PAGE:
A while back, markdominus wrote an article about the Design Patterns movement, in which he claimed that design patterns are basically signs of weaknesses in programming languages; if a language forces you to implement the same pattern of code over and over in different programs, that's a sign that your language is insufficiently high-level with respect to problems that your users actually encounter, so language designers should focus on patterns as places where their languages could be improved. This prompted some reaction in the tech blogosphere, including this response from Ralph Johnson (2017 edit: this now 404s, alas), one of the authors of the original Design Patterns book. Dominus responded here, correcting some of Johnson's misunderstandings and commenting further; in fact, though, they're mostly in agreement (and I'm pretty much in agreement with them both, FWIW).
Everyone up to speed? Good.
Something Dominus didn't seem to get was Johnson's distinction between things that are in the language and things that are in the library. Johnson seems to think that there's a three-tier hierarchy:
1) Language features
2) Library code (available to every application)
3) User code (must be written for each application).
He claims that it can be a good tradeoff to leave something as a pattern, because the alternative might be to overcomplicate the standard library or, even worse, the language itself - he seems to have visions of a language with decorator, abstractFactory etc. as keywords (2017 edit: I now mostly work in Python, which does have decorators built into the language - and I see they were proposed in 2003, five years before I wrote this...). Dominus largely refutes this claim in his response. But more interestingly, Dominus thinks that the distinction between 1 and 2 is basically artificial - is C's printf (or Haskell's standard prelude) part of the language or the library? It might matter to language implementers, but to the average programmer, the distinction's pretty unimportant. Now, this is a good point, but I think I can see what Johnson's getting at. Remember that Johnson's a Smalltalker. Let's consider (finally) how Smalltalk handles if-statements, which in most languages are built-in syntactic elements of the language.
In Smalltalk, booleans (ie, True or False) are objects: specifically, they're instantiations of the abstract base class Boolean, or rather of its two subclasses True and False. So every boolean has type True or False, and no actual member data. Bool has two virtual functions, ifTrue: and ifFalse:, which take as their argument a block of code. Both True and False override these functions; True's version of ifTrue: calls the code it's passed, and False's version does nothing (and vice-versa for ifFalse:). 2017 edit: there's also a single method called ifTrue:ifFalse: which takes two blocks, and calls the right one. Here's an example:
Those things in square brackets are essentially anonymous functions, by the way. Except they're objects, because everything is an object in Smalltalk. Now, what's happening there is that we call a's "<" method, with argument b; this returns a boolean. We call its ifTrue: and ifFalse: methods (2017 edit: or rather, its ifTrue:ifFalse: method), passing as arguments the code we want executed in either case. The effect is the same as that of the Ruby codea < b ifTrue: [^'a is less than b'] ifFalse: [^'a is greater than or equal to b']
but what other languages do with special syntax, Smalltalk does as a special case of method-dispatch. (Code samples from here). This completely blew me away when someone (pdcawley?) first told me about it. Haskell does something similar, of course. [Edit: no it doesn't - see comments. But it could. I've also got some details of the Smalltalk wrong.]if a < b then "a is less than b" else "a is greater than or equal to b" end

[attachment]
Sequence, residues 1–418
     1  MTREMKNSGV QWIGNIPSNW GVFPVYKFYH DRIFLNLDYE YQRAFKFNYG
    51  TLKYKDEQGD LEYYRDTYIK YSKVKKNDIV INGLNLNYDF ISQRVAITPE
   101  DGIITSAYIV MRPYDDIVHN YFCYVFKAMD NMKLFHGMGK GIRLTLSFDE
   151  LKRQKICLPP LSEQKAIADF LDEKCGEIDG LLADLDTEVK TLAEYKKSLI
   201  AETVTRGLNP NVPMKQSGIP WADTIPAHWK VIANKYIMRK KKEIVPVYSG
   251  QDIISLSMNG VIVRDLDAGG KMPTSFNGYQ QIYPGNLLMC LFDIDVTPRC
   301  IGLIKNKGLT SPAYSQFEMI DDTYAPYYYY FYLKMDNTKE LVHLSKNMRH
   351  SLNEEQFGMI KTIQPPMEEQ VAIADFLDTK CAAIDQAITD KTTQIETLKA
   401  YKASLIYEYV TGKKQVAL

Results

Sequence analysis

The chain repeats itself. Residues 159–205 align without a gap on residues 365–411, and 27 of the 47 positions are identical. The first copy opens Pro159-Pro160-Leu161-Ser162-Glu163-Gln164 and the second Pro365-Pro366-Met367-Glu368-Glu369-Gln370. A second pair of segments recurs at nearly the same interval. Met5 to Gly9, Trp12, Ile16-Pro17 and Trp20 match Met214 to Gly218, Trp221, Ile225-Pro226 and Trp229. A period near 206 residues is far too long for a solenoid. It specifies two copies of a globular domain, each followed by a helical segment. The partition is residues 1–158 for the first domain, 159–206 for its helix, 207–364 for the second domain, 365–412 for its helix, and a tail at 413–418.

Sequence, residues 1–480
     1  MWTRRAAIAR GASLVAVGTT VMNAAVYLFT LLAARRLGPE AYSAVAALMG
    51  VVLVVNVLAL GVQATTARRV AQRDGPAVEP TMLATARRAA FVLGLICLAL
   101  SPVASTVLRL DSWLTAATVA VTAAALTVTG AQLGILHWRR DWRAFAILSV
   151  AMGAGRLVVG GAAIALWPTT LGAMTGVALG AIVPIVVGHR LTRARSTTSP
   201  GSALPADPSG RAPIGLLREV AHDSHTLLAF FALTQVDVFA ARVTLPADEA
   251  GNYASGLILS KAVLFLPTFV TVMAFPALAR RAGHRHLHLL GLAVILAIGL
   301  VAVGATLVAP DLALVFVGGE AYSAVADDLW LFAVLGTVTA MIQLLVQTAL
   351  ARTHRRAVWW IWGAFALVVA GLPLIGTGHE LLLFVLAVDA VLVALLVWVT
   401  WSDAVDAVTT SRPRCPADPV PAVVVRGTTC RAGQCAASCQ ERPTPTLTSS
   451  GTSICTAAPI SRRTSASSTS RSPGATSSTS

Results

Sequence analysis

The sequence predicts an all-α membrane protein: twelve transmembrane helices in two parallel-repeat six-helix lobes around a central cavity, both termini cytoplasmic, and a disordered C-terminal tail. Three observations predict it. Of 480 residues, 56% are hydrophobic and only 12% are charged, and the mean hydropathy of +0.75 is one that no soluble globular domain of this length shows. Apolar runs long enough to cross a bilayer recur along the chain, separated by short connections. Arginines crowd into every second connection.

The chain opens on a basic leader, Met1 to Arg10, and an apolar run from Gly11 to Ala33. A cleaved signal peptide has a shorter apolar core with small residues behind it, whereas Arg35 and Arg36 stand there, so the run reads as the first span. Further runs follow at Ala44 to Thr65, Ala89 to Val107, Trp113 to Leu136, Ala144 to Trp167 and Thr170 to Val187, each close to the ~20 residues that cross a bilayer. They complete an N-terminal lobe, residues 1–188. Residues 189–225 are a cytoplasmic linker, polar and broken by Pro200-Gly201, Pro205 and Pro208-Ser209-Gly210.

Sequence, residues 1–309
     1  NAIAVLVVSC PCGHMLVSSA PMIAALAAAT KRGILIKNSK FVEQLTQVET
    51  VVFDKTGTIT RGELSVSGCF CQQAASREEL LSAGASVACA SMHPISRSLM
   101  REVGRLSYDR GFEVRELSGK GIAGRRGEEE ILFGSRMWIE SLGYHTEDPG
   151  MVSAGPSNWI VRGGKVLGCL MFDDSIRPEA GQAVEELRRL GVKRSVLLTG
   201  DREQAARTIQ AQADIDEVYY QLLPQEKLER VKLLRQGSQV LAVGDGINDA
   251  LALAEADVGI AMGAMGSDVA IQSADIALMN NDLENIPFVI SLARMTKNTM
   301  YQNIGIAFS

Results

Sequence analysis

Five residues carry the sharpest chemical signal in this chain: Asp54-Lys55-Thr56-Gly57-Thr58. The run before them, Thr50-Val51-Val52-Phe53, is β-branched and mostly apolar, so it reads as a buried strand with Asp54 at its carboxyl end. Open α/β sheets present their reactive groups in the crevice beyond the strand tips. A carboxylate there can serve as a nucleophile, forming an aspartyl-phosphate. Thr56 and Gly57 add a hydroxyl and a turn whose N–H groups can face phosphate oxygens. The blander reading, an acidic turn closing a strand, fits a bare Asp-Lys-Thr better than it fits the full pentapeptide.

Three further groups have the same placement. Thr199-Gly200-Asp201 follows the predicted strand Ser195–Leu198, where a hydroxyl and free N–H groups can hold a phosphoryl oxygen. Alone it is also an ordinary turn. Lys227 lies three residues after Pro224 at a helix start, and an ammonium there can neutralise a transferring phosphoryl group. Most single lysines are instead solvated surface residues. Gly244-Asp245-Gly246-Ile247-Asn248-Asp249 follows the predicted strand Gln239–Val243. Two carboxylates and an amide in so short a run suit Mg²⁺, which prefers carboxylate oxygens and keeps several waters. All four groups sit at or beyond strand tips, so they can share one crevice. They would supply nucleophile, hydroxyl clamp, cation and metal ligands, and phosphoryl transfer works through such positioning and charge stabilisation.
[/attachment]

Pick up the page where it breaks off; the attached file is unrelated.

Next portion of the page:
Now, back to Johnson. Smalltalk's designers had three choices: bake special syntax for if-statements into the language, implement it in Smalltalk library code in terms of more general concepts that were part of the language, or force the programmer to do the work him/herself every time (using, I dunno, computed gotos or something). They made the unusual choice to go for the second option. While this doesn't matter if all you want are if-statements, it affects the language in other ways: the powerful abstraction mechanism needed to do this is available to the user to define new features.
This, I think, is the real distinction between "language" and "library": if the feature in question could have been implemented by your users using a combination of other features, it might as well be part of the library. Smalltalk's if-statements pass this test, as do (say) Lisp's looping constructs. Haskell's monads fail, because of do-notation: if a Haskell programmer wanted to add similar syntax for (say) comonads, would they be able to? I don't think so, and so it follows that monads are actually baked into the language. Several of Perl's built-in functions do things that user functions wouldn't be able to do, and thus should count as part of the language, even though they feel like part of a library.
So here's where it applies to design patterns: if your programmers find themselves having to implement essentially the same code over and over again, it's because you don't provide powerful enough abstraction mechanisms for programmers to write library modules that would do the job for them. Programmers are (rightly) lazy, and don't do work many times if they can do it once and then use that solution over and over again. So the fact that it's a design pattern means that it can't be in the library, and your language needs fixing: either by special-casing extra language features in or (preferably) by making your abstraction features more powerful, so the necessary library code can be written.